Coming to terms with evil

Flowers and candles soggy from the rain surrounded the dark cafes. I watched as a woman walked to the edge of the sidewalk and placed a single rose on the pile of flowers now knee-high. People brought candles, notes and bouquets. Some stood quietly to observe, some took pictures. Everyone was there to bear witness, to come to terms with the evil, trying to understand why jihad is being waged here, on the streets of Paris.

The terrorists know that the fear comes from striking us in the most banal places. The cafes that were attacked were little neighborhood restaurants. It is the equivalent of someone walking into your local lunch counter with a machine gun and a suicide vest. These are not places of war — no soldiers or governments or religious regimes are at work. The targets were filled with students and parents and ordinary Parisians listening to music, drinking coffee, eating dinner, checking in on Facebook or Instagram.

We didn’t stay long at the site Friday night. It was too hard, and as the crowd got thicker, you could feel the tension again.

Even so, passing the one-week mark felt significant somehow. Saturday morning was cold and rainy and the streets of Paris were bare for November. But by midday you could see people returning to the cafes. Families with small children paused outside the Christmas display at the Galeries Lafayette. Young boys resumed their posts on the Rue de Rivoli selling umbrellas and chestnuts and Eiffel Tower key chains to passing tourists. Life must be lived. Life must go on.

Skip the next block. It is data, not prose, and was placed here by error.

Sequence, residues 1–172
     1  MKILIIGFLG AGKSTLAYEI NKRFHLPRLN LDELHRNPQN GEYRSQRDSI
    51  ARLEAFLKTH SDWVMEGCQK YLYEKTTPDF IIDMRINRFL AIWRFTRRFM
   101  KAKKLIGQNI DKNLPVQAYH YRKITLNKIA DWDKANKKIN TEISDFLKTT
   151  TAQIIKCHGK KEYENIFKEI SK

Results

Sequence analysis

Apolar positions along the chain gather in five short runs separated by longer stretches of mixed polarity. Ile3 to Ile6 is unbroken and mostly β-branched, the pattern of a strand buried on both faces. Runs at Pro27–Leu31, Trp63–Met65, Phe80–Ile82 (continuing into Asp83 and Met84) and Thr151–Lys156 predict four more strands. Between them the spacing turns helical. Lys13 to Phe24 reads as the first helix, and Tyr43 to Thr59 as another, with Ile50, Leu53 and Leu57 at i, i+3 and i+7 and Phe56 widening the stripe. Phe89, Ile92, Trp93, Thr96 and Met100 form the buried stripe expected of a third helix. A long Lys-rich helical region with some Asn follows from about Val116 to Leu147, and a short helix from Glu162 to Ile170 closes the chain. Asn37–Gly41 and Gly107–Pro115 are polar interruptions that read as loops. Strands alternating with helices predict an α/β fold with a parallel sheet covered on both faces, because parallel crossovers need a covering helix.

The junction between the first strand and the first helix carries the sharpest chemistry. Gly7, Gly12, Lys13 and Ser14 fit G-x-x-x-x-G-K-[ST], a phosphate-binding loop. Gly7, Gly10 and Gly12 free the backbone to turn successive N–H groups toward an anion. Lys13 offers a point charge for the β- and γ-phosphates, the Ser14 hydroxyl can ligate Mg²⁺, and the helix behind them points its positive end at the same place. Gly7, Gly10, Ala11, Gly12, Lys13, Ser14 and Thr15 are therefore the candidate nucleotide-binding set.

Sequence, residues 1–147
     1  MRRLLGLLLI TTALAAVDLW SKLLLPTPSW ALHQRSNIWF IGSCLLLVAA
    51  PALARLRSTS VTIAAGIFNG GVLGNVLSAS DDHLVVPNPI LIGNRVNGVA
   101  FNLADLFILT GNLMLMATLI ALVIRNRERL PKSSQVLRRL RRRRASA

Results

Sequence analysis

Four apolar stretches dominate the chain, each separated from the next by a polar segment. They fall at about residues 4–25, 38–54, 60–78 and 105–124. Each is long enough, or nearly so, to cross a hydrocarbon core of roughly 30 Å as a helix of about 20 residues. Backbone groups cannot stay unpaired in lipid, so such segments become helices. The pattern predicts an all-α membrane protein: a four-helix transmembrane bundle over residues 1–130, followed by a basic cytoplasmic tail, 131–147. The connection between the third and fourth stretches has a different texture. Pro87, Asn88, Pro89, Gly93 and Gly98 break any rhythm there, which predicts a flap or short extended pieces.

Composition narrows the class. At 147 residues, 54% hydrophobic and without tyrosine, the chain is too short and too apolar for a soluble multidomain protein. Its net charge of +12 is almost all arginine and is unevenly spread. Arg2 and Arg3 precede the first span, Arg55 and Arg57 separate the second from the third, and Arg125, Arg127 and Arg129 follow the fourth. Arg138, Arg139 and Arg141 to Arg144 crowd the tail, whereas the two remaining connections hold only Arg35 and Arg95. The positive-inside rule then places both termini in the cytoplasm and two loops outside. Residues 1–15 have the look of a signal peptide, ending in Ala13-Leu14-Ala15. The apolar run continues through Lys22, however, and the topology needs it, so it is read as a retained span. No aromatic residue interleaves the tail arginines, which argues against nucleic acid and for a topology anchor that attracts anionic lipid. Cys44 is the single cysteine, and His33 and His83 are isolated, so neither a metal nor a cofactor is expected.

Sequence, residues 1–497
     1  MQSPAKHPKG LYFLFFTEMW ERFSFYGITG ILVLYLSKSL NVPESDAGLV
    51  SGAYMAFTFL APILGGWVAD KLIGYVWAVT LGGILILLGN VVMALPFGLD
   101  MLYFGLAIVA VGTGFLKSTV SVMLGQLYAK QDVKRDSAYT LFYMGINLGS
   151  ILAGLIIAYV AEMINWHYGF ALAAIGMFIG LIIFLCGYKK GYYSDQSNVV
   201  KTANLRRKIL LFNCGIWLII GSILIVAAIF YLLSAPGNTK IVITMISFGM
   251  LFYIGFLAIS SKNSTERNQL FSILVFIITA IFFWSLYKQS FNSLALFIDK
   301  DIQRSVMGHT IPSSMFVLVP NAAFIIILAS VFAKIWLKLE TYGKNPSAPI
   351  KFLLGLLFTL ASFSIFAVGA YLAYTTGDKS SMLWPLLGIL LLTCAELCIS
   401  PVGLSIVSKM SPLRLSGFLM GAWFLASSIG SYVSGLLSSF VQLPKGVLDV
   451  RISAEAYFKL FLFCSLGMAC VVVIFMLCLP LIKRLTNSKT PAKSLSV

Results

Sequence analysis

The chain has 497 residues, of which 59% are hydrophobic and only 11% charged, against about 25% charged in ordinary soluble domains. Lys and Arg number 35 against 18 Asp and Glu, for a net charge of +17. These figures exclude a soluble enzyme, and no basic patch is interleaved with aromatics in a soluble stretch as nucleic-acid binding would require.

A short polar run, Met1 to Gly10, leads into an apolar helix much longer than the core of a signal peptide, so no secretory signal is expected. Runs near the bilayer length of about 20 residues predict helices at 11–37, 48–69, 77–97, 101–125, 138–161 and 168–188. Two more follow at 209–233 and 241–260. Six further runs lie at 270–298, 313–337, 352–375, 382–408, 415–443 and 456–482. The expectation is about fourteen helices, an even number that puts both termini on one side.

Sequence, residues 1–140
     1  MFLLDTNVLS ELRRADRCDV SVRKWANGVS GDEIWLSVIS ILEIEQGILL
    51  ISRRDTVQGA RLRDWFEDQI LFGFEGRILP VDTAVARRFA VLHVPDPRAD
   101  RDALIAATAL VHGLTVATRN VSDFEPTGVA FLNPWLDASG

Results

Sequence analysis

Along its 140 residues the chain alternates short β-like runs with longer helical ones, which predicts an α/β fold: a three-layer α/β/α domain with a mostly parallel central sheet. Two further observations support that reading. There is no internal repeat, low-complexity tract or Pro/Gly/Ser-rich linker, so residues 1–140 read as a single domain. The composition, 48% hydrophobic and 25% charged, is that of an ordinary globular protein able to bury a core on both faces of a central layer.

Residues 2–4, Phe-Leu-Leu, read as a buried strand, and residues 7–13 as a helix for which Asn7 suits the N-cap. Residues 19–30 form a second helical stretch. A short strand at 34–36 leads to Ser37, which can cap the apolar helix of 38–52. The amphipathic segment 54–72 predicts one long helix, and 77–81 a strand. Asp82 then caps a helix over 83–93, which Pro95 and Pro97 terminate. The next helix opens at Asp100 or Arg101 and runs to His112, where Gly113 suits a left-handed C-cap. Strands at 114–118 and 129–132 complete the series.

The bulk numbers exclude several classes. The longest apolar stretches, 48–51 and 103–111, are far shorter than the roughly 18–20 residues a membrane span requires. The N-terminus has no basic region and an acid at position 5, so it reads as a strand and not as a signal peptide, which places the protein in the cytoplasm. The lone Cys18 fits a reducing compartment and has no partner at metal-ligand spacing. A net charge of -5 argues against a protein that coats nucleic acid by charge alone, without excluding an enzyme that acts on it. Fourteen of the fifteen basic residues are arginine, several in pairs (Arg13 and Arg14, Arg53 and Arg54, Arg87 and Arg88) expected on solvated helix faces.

It’s Sunday now in Paris, and you can see life struggling to return to normal. The French and Americans have a lot in common: We both love our lifestyles, our countries, our families, our routines. I’m glad I did not cancel this trip. I’m glad that, even though I was scared, I got on the airplane anyway. I’m glad that tonight I had hot chocolate outside on la terrasse. Having a warm drink on a patio is not particularly brave, but it felt like an act of defiance. Defiance may be the only weapon an ordinary person like me has — a choice, a way to keep life the same.

But, of course, Paris is not the same. Life has been forever changed. It is naive to hope this terrible series of events won’t have consequences. For me 9/11 happened so long ago that the changes it brought are the new normal. I can barely remember what it was like to have your family meet you at the airport gate or remember a time when you could pack your favorite shampoo in a carry-on bag. I am used to “See something, say something!” and standing in long lines at airport security stops. I grew up like that. It makes me sad to think of the Bataclan Generation and, all the small, innocent freedoms now lost to the French because of these savage attacks.

Yes, life in Paris will continue; of course it will. This is Paris, after all. But will it ever be the same?

Laurie Perry is a writer and Francophile living in Los Angeles.